New Insight on Irony

Last Sunday.  At Mass.  Having a panic attack during the recitation of the 23rd Psalm. 

"Beside restful waters He leads me..."

Can't breathe. Pulse racing. Can't breathe. Palms sweaty.

"He refreshes my soul."

Aaack!  Hyperventilating now.  Hold your breath.  Hold your breath. 

"Surely goodness and mercy... "


"And I will dwell in the house of the Lord..."

Wow.  Well.  That was exciting. 


Afternoon run in the hills

If you keep visiting the same places, you see things.  The same place is not the same day to day, month to month, year to year. 

Seasons change. 

Migratory birds come and go.

And sometimes, you just see something you've never seen before.

That is a very bad photo.  But it shows two white pelicans on the left, a turkey vulture in the center, and two red-tail hawks -- all riding the same air current about 400 feet above the trail.  Pelicans, clockwise; hawks counter-clockwise.

So what else did I see? 

I don't know who is the cause of this sign.  In a good wet year (not this year!) I think the California Newt (Taricha torosa) is out crossing roads to get to vernal pools and streams in September.  So for one thing, this is the wrong time of year for newt crossings (I think?).  For another thing, this spot is on an outside curve of the road, not at the inside curve of the arroyo where (if there were water) there would be a concentration of newts (at whatever the newts think is the right time to go all amphibian).  So:  strange naturalist/environmentalist behavior here. 

We may have seen this hillside before in these pages.  Adobe clay sliding and crumbling (depending on season and wet year / dry year) over the sandstone cliff supports blue dicks, poppies, grasses -- and later on, a variety of thorny, thistley things.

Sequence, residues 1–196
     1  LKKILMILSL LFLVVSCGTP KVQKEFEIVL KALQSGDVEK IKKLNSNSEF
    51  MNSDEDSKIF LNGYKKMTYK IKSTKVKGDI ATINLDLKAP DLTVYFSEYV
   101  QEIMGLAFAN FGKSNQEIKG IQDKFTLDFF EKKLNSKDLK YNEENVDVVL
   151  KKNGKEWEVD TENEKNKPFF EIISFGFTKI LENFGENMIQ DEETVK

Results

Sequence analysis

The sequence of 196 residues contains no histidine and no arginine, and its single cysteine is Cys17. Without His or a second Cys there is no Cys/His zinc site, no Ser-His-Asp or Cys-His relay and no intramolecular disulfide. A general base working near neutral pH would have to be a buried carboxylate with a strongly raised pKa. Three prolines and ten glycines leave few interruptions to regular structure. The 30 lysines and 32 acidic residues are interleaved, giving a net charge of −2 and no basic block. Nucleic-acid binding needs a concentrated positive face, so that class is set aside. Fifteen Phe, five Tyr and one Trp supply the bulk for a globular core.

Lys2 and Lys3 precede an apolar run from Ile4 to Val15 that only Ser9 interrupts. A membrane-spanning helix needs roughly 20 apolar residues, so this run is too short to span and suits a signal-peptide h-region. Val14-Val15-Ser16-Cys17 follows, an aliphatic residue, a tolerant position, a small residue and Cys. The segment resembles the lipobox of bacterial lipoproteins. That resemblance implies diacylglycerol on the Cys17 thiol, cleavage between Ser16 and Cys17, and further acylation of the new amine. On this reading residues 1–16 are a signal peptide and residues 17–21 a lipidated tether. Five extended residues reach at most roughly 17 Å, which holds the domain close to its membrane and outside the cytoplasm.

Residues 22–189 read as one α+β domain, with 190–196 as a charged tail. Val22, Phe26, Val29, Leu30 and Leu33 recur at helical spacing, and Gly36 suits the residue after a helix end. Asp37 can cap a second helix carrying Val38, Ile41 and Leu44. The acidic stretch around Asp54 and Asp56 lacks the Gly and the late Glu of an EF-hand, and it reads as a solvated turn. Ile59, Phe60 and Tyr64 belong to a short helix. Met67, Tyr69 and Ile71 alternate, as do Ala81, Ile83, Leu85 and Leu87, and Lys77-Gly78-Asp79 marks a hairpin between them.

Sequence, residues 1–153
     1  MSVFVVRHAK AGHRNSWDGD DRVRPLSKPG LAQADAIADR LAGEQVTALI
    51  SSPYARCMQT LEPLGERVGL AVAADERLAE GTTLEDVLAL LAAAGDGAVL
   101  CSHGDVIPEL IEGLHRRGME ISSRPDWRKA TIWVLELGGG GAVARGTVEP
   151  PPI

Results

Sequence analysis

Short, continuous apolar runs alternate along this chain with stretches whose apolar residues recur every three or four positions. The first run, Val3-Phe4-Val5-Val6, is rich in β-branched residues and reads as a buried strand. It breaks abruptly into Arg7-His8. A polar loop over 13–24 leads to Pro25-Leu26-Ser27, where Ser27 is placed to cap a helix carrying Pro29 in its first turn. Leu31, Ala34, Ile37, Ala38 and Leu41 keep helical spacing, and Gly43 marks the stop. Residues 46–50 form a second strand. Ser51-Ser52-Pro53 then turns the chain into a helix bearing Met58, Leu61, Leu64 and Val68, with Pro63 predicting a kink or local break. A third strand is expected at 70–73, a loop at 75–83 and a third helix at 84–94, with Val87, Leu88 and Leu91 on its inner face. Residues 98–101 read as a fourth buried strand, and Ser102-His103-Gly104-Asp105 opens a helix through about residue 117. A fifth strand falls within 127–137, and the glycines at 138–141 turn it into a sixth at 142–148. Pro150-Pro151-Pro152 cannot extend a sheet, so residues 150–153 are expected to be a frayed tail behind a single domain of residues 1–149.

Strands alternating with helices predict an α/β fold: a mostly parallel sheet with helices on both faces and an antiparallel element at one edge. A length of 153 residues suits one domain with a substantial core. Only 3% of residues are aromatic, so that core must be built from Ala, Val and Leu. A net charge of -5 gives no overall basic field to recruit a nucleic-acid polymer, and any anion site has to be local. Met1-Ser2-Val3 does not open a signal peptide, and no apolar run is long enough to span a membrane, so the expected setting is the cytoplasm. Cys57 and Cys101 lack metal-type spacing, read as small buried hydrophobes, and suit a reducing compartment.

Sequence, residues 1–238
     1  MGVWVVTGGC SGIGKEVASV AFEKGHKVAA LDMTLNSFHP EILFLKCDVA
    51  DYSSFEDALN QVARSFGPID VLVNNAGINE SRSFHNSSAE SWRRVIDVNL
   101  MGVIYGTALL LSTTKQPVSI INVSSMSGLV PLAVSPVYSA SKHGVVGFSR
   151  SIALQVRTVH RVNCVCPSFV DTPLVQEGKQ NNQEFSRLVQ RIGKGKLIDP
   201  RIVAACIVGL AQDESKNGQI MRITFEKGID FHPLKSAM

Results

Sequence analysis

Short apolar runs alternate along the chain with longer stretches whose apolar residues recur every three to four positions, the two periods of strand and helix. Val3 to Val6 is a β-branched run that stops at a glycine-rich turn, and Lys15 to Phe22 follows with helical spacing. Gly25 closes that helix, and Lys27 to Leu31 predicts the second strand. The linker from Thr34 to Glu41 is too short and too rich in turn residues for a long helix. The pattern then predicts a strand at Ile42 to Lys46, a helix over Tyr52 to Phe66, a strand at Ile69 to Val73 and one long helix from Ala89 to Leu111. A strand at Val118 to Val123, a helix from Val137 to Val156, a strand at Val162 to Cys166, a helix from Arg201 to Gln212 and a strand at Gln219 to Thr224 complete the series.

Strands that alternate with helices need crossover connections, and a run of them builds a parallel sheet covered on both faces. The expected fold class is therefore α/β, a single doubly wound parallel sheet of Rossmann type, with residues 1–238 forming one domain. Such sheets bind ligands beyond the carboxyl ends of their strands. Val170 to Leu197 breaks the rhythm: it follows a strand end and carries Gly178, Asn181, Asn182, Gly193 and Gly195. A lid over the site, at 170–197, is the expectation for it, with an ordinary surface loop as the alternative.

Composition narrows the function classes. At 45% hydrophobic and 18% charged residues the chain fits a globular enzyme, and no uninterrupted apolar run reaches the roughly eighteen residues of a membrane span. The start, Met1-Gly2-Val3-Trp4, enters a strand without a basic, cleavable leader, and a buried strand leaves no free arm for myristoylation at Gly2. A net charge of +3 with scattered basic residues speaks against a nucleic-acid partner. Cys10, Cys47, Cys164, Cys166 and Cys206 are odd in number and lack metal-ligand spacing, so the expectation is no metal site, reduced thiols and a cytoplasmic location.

It was a lovely post-equinoctial day with little wind and lots of sunshine.  6.4 "Long, Slow" miles.  Sunday is the end of my "running week".  (I'm a Monday-start sort of guy really.  Theology aside, the weekend is the Week End.)  So it was a nice end to the Running Week as well. 

The Genocidal Duck Whisperers of the Post-Human Left

The Genocidal Duck Whisperers of the Post-Human Left


There are things to see -- if you only look

Like lichens.

Sometimes you have to look at the small things.

Such color, such texture!


Pray for the USS Truxtun, DDG-103

A lone guided missile destroyer, United States Navy's USS Truxtun (DDG-103), was long ago scheduled for a routine trip across the Black Sea. 

In spite of "tensions" in the Crimean peninsula area due to Russia's invasion of Crimea/Ukraine, the Truxtun left port in Greece on Thursday 6 March 2014 to conduct training and "theater security" engagements. 

Though not exactly alone -- we can count on (?) backup from Bulgarian and Romanian navy ships conducting joint operations -- the Truxtun is the only operable U.S. ship in the Black Sea at this time. 

Interesting times.


Something in the air